RIEMANN S INEQUALITY AND RIEMANNROCH


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1 RIEMANN S INEQUALITY AND RIEMANNROCH DONU ARAPURA Fix a compact connected Riemann surface X of genus g. Riemann s inequality gives a sufficient condition to construct meromorphic functions with prescribed singularities. Let C(X) denote the field of meromorphic functions on X. The most convenient way to specify the zeros and poles of a nonzero element of this field is in terms of divisors. A divisor is a finite formal sum D = n p p with p X and n p Z. We sometimes view this as sum over all points with n p = 0 for all but finitely many p. Divisors form a group under addition. The degree deg D = n p Z. Given f C(X), div(f) = ord p (f)p is an example of a divisor, where ord p is the discrete valuation measuring the order at p. D is called effective, written as D 0, if all its coefficients are nonnegative. Given a divisor D, let L(D) = {f C(X) div(f) + D 0} {0} = {f C(X) p, ord p (f) n p } Theorem 0.1 (Riemann s inequality). If D is a divisor, dim L(D) deg D + 1 g In particular, L(D) 0 as soon as deg D g. The RiemannRoch refines this to an equality with a precise error term. An important consequence which not apriori obvious is: Corollary 0.2. C(X) C, i.e. X carries a nonconstant meromorphic function. We give a proof of these results below after a bit of preparation. 1. Harmonic forms We quickly review some material already discussed in class. We recall that in basic complex analysis there is a close connection between harmonic functions and holomorphic ones. In order to globalize this, we need to introduce the relevant operators. The Hodge star operator is the Clinear operator 1 defined locally by the formulas dx = dy, dy = dx, 1 = dx dy, (dx dy) = 1 where x and y are the real and imaginary parts of a local analytic coordinate z. Thus = (1) p on pforms. The point of the operator is that it gives an inner product α, β = α β 1 Some authors define it to be antilinear. Also at the risk of complicating the story, can be defined by the rule α β = (α, β)volume where (, ) is the pointwise inner product associated to a Riemannian metric compatible with the complex structure. This is the right viewpoint in higher dimensions. 1 X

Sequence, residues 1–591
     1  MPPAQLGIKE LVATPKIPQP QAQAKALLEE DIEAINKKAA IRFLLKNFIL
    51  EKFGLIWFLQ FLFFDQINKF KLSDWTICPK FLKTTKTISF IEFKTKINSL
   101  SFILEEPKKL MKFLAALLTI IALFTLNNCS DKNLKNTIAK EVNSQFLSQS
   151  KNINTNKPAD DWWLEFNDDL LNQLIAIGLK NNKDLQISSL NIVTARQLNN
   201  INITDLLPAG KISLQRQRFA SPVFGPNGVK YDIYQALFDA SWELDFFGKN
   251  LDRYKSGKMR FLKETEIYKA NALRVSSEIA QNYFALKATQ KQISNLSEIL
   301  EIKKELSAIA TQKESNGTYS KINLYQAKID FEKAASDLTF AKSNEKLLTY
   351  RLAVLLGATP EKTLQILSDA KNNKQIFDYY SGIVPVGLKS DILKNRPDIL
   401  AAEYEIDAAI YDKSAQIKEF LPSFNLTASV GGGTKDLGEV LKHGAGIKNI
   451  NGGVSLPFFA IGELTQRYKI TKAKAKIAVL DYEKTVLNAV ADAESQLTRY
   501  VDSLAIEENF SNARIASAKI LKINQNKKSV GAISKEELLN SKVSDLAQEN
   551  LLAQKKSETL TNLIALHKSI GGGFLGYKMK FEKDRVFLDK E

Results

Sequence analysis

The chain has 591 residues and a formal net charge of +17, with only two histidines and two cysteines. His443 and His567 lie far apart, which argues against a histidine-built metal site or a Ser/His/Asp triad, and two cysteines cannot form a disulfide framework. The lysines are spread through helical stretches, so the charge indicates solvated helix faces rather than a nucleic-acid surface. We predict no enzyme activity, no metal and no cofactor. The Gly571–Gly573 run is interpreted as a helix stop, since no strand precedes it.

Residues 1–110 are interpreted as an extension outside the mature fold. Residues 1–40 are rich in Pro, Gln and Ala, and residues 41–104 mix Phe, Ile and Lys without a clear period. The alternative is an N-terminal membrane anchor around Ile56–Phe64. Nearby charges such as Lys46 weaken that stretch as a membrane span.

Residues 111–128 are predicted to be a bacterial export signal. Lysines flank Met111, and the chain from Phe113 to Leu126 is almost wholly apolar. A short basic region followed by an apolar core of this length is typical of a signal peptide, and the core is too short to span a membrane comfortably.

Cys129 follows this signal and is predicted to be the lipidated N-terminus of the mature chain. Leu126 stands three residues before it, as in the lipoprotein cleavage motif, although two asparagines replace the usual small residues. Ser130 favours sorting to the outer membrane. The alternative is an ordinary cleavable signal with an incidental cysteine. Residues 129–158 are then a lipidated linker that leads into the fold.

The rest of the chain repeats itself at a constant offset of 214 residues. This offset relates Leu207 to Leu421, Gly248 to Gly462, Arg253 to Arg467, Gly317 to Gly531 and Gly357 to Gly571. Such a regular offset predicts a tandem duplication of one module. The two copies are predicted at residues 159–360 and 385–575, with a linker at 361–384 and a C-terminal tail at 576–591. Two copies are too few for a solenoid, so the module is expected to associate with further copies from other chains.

2 2 DONU ARAPURA on the space of forms. Since d(α β) = dα β ±α d β. The adjoint of d with respect to this inner product is d = ±d by Stokes theorem. The Laplacian (aka Hodge Laplacian, or LaplaceBeltrami operator) = dd +d d. This coincides with minus the classical Laplacian on functions; the reason that this sign is preferred is that one wants the spectrum to be nonnegative. A form α is harmonic if α = 0. Lemma 1.1. α is harmonic if and only if dα = d( α) = 0. Proof. One direction is clear. The converse is proved by observing that (1) α, α = dα 2 + d α 2 The forms dz = dx + idy and d z = dx idy are easily seen to be eigenforms of with eigenvalue i and +i respectively. A form is of type (1, 0) (resp. (0, 1)) if it is a multiple of dz (resp. d z) for every local coordinate z. From the lemma, one quickly deduces that Corollary 1.2. A (1, 0) (resp. (0, 1)) form is harmonic if and if it is holomorphic (resp. antiholomorphic or equivalently the conjugate of a holomorphic form). Every harmonic form is a sum of holomorphic form and an antiholomorphic form, and this decomposition is unique. Proof. If α is (1, 0), then dα = α and d α = i α. So α is harmonic if and only if it is holomorphic. The (0, 1) case is similar. Any 1form α can be uniquely decomposed into a sum α = α (1,0) + α (0,1) of a (1, 0) and (0, 1) form. We can see that α (1,0) = α + i α 2 α (0,1) = α i α 2 Therefore α is harmonic if and only if these components are. Theorem 1.3 (Hodge theorem). The space of C 1forms decomposes E 1 (X) = {harmonic 1forms} dc (X) dc (X) Proof. We give the bare outline of the proof. Details can be found in [D, GH]. It suffices to establish (2) E 1 (X) = ker im Equation (1) implies that ker = (im ). So it is enough to establish E 1 (X) = (im ) im For infinite dimensional inner product spaces, such a decomposition is not automatic. However, if we complete E 1 (X) to a Hilbert space L 2 E 1 (X), then L 2 E 1 (X) = (im ) im is true by standard functional analysis, where to be clear () now refers to the orthogonal complement in Hilbert space. But we need to bring things back to the C world. Given α, β L 2 E 1 (X), we say that (3) α = β